In a recent interaction with FE, BC Tripathi, chairman and managing director of GAIL (India), said India needs to do a lot of reforms in the power sector. “We need to create space for gas in the power sector. The power based on gas cannot be compared to coal. We need to pay higher price for efficient and clean power because of the consequential impact of polluted power is much higher.” He cited a report by International Monetary Fund which shows that per unit cost of power-based coal is causing R2.40 per unit as medical cost.
Tripathi added that focus on renewables is good but gas can act as the supplementary for off-wind days, off-Sun days, at nights, or during monsoon,. He however admitted that coal will remain predominant as the natural resource is available in abundance and a balance is required.
The other gas consuming areas which have considerable low consumption compared with power include fertiliser, city gas distribution (CGD), industry, petrochemicals and refineries, and sponge iron and steel which would all also require proportionate increase in consumption to achieve the envisaged goal.
In the recent World Energy Policy Summit held in New Delhi, a session was dedicated to the role of gas in the emerging scenario and panel included captains from across the oil and gas value chain, both private and public sectors. The panel unanimously concluded that gas and power projects go hand in hand across the world, but somehow that has not happened in India, and much of it is to be blamed to gas pricing.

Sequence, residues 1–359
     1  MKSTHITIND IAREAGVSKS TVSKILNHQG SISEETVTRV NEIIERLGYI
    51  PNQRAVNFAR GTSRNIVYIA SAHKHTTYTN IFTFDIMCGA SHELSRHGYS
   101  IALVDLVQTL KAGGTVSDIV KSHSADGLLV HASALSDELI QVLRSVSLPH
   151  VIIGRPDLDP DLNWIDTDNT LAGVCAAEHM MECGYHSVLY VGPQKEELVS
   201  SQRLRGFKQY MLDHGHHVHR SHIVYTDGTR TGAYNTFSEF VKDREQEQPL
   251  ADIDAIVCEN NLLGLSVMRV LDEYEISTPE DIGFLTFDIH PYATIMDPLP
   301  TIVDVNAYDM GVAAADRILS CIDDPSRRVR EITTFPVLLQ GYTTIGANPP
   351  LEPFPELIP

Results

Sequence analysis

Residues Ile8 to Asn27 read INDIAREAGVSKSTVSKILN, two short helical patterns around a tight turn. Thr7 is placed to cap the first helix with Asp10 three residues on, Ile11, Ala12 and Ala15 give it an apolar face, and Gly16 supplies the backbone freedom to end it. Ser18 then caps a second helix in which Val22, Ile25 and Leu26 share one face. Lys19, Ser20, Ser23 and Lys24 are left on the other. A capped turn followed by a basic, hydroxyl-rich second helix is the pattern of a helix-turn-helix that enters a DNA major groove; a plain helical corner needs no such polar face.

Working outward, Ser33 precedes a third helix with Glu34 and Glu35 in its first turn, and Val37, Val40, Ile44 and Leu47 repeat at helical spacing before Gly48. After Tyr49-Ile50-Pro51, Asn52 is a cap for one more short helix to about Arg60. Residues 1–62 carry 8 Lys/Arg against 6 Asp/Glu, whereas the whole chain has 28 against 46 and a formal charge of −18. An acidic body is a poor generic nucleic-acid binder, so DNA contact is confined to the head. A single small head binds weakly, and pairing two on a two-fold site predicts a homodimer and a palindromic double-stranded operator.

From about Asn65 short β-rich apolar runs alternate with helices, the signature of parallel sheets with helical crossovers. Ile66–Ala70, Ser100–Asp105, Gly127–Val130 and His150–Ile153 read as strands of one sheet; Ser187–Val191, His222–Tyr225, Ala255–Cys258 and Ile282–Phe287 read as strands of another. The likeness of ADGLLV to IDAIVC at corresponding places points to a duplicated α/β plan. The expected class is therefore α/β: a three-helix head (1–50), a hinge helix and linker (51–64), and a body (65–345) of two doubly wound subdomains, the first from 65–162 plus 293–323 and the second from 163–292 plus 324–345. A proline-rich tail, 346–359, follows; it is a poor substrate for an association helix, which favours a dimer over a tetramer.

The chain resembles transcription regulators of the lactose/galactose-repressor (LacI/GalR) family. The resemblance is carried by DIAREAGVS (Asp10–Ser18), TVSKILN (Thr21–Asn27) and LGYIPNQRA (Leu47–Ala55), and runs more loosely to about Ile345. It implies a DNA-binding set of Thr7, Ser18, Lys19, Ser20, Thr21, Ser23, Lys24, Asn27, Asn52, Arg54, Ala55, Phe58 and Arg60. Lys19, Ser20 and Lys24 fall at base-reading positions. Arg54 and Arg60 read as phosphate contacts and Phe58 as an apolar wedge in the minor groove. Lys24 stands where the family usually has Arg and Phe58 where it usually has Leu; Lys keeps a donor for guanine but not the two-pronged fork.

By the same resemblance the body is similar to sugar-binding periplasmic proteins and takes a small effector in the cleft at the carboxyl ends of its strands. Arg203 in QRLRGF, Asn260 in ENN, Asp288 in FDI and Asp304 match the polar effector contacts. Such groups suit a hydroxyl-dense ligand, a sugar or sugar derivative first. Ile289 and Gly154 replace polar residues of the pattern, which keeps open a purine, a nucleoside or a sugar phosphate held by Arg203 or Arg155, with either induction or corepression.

The government in the last Union Budget cut customs duty on import of liquefied natural gas to 2.5% from 5% earlier. The price of high temperature-high pressure, deep sea gas is at present capped at $5.3 per MMBTU. Though the customs duty may be slashed further, the price is expected to move up, as per analysts.
PNGRB expects the share of domestic production in total natural gas supply to fall to 48% by 2029-30 from 70 in 2012-13 and imports to increase to 51% from 30% during the same period.
– Anupam Chatterjee